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Taking Charge

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Taking Charge
MAD: reactions can be dangerous

How do you stop an elephant from charging?

You take away his credit card.

Have you heard that one before?

Me too, but I couldn’t help laughing when I came across it again so please don’t beat yourself upif you let out a chuckle.

Sometimes stupid can be funnyand I am certainlaughing is good… even at thelamest of jokes.

I started with that one because I was looking for a reaction…a laugh,a groan, whatever… mainly because I want to talk about reacting.

And just for the record, and for any of you who have experienced one first hand, I do not think angry elephants are funny.

Several years ago,I came across a big bull while I was driving in Nxai Pan with my family.

We were in our red Mazda 4×4 when we spotted him a kilometre away across an open savannah.

We had been hoping to see the big mammals so we were quite excited when he changed course and started moving in our direction… but when he started flapping his ears and running at top speed our feelings changed.

Okay, we were still excited, but it was more of a, ‘We don’t want to die,’ kind of excitement, so I sped off in the opposite direction.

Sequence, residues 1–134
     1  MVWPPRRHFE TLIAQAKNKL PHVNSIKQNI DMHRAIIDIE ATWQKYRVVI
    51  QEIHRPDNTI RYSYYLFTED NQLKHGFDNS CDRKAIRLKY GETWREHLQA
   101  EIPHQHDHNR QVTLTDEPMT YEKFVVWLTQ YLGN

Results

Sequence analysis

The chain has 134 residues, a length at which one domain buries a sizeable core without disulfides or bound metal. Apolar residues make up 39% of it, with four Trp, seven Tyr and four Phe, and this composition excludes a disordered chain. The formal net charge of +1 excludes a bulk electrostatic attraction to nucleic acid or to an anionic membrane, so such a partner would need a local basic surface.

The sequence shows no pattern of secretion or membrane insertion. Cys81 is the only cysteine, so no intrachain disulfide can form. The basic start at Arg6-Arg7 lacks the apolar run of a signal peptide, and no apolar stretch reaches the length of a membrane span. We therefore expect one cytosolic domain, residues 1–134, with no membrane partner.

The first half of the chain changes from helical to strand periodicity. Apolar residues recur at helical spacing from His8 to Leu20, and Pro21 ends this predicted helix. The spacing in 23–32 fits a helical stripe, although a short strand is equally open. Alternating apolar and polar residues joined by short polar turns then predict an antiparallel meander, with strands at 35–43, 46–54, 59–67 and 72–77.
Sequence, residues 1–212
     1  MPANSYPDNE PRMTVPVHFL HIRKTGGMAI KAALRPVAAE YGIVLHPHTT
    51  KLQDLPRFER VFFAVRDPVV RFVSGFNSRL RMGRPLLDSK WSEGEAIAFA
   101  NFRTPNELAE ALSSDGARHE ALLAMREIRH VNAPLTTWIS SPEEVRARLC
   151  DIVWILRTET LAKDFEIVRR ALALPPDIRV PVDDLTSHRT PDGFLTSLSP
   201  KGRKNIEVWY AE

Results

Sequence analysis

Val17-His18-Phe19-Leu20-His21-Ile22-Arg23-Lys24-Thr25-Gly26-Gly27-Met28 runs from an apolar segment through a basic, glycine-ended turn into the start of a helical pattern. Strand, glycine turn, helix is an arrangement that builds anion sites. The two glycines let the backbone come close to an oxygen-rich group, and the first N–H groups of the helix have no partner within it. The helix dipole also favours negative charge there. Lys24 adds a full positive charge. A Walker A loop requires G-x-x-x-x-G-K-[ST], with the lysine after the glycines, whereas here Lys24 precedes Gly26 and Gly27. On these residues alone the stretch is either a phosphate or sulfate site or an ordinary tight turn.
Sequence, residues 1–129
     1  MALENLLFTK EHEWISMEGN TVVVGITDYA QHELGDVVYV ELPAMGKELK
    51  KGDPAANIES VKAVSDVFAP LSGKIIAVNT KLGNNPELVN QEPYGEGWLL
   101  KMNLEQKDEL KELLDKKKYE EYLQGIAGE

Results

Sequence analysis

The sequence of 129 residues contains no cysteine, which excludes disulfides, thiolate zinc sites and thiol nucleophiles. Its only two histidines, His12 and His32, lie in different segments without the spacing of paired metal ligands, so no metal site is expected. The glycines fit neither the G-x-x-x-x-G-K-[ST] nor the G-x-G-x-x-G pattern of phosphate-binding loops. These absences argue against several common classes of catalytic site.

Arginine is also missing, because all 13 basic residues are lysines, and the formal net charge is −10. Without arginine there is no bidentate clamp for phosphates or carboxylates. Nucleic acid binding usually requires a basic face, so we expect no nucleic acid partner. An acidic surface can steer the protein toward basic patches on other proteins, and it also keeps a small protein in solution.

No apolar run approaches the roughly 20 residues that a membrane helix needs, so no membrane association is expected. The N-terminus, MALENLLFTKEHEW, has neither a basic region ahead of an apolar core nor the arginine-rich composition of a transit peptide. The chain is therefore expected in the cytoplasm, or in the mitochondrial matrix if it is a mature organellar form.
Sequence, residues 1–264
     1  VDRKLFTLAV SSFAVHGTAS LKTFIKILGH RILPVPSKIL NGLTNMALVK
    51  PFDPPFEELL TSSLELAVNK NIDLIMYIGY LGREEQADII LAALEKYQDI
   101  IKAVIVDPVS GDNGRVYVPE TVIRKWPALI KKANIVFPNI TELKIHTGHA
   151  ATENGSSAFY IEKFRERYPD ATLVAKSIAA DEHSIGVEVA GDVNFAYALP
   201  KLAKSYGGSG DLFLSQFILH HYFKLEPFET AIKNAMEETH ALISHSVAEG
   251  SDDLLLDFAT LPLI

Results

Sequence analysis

We later learned several elephants had been shot for their tusks in the area and some of the poachers had committed their crimes while driving a red 4×4.

That would account for the big bull’s aggressive behaviour when he spotted our vehicle. Which brings us back to today’s topic.

That elephant probably associated a red truck with the death of his mates so when he saw our vehicle he reacted by seeking vengeance.

And if he had caught our vehicle I doubt I would be sharing this story today.

My point is that we spend a lot of our time reacting to things.

Sometimes that is good, like when we laugh at jokes or run away from danger or get so angry that we put ourselves between danger and our loved ones.

That, by the way is, is the proper use of anger.

It can be very handy when we don’t have time to be scared and then overcome our fear with bravery.

Unfortunately, though, we often hold onto our anger and allow it to effect how we react to things that don’t have anything to do with the event that made us angry.

That’s a big reason why tribal conflicts and other feuds can drag on for so long.

When we behave like that, we aren’t much different from that elephant that wanted to attack my family in Nxai Pan.

He may have seen people driving a red 4×4 shoot other elephants, but all the people who drive a certain type of vehicle are not the same and he was wrong to think we were to blame.

Fortunately, we are not just animals with instincts and reactions.

We can think before we act, and I think if we could do that more we would be kinder, happier people.

And if we could stop reacting to adverts and peer pressure, and think about what we buy, no one would need to take away our credit cards.